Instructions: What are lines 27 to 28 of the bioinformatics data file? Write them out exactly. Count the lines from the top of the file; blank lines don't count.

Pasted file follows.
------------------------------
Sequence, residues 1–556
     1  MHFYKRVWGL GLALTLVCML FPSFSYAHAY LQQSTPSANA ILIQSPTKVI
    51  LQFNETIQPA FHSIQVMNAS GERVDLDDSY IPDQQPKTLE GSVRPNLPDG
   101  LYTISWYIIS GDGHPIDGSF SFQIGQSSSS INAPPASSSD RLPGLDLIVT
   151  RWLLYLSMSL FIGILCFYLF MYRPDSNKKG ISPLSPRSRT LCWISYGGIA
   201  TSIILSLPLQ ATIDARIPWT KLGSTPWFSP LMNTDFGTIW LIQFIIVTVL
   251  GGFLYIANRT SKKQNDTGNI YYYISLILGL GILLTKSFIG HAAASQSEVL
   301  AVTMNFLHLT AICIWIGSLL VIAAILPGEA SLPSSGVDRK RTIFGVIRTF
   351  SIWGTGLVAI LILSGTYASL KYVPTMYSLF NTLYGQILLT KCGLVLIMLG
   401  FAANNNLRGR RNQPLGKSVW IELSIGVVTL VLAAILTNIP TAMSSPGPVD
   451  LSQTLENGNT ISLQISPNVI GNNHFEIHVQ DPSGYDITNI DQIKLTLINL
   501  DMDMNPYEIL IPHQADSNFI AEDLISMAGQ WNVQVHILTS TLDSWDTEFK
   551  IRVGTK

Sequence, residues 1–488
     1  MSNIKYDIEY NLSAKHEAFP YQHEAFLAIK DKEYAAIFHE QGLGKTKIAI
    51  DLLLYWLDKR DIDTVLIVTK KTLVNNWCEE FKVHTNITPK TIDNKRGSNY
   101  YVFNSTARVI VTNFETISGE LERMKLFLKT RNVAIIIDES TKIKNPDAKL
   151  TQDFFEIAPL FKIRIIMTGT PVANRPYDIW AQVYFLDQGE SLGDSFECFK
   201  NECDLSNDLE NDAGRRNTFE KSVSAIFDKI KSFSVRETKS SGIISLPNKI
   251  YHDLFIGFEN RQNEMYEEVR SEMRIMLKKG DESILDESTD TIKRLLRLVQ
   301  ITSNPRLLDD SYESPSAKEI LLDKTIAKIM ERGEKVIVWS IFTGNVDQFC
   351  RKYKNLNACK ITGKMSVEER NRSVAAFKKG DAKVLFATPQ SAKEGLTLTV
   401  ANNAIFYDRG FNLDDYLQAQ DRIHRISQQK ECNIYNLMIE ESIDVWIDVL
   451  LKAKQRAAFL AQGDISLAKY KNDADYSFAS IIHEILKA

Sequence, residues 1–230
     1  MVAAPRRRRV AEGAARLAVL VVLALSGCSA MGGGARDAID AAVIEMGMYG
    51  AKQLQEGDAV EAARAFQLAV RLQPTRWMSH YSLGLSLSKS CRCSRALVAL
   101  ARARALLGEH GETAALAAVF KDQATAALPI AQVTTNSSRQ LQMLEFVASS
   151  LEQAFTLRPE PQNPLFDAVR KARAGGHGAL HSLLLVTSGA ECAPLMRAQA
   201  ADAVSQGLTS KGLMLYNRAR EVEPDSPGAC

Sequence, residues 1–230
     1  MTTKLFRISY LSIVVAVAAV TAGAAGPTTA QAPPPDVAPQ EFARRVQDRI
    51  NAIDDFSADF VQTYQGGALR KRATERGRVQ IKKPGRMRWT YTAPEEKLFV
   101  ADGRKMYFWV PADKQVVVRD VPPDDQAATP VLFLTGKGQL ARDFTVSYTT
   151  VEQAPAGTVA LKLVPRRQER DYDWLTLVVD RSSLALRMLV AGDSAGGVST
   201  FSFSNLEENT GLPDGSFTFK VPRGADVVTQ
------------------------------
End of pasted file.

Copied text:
    51  AKQLQEGDAV EAARAFQLAV RLQPTRWMSH YSLGLSLSKS CRCSRALVAL
   101  ARARALLGEH GETAALAAVF KDQATAALPI AQVTTNSSRQ LQMLEFVASS